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Mother and sons live among dead people

By Duy Tran, An Hong   April 27, 2016 | 12:41 am PT
A mother and her sons live with thousands of dead people in Binh Hung Hoa cemetery, a giant graveyard on the outskirts of Ho Chi Minh City.

Under the roof of this ramshackle house, in the middle of Binh Hung Hoa cementary, Lien and her sons take shelter for the night.


Kieu Thi Anh Lien and her sons left Binh Phuoc province, approximately 150 km to the north Ho Chi Minh City, and moved to this graveyeard eight years ago after her husband deserted them. No home, no jobs, no money, only each other, the mother and her sons drifted to different places before starting a new life amongst the dead.


"When my youngest son was almost one year old, my husband just left without saying goodbye. I have never seen him again," Lien whimpered.


She can't afford accommodation for herself and her children so a makeshift house in the graveyard is their only choice.


"In the beginning, life here was really tough for us. We were so frightened that we just hugged each other and wept every night in the darkness. When my mother went out to earn some money, we didn't dare to set a foot outside our home," said 18-year-old Kieu Minh Duoc. He and his brother help their mother to water plants and clean gravestones as a way to thank the landowner for allowing them to live in the graveyard for the past eight years.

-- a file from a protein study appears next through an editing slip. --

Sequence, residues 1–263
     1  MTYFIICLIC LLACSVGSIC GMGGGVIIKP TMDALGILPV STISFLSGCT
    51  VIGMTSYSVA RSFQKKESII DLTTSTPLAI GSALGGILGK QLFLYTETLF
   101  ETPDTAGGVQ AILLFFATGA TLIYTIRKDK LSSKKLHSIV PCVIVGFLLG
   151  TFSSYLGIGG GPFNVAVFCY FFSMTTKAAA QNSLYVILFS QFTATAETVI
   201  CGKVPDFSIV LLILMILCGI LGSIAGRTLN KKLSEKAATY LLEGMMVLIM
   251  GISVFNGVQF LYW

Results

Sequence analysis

The graveyard is their playground. After school, seven-year-old Kieu Minh Tuan makes friends with wild dogs and cats and plays hide and seek with his brother. "Because we live in the graveyard, that scares other children away. No one dares to make friends with us. Me and my brother just hang around with each other. We play until we are tired then go to sleep. We cheer each other up and try to study well so that we can get jobs to support our mother," said Duoc.


Under the 40 degree heat that is summer in Ho Chi Minh City, living in a shabby house among thousands of graves is not easy. "We are always soaked in sweat," said Duoc.


Raising chickens helps to pay the bills and is also a good way of breaking the silence in the quiet graveyard.


Lien helps nuns care for children in a nearby orphange, earning more than VND4 million ($180) per month. 


"I want to become a doctor," said Tuan, while lying on a gravestone studying.


"I am saving up for the day we can move out of here," said Lien, while cooking dinner for her children. She works at the orphange from dawn till dusk but she still manages to squeeze enough time in every day to prepare meals for her sons.


Local authorities said Lien and her children are illegally living in the graveyard and expressed concerns that the pollution there may pose a health hazard. The local government has committed VND1.2 million per month over six months to help Lien and her children find alternative accommodation.

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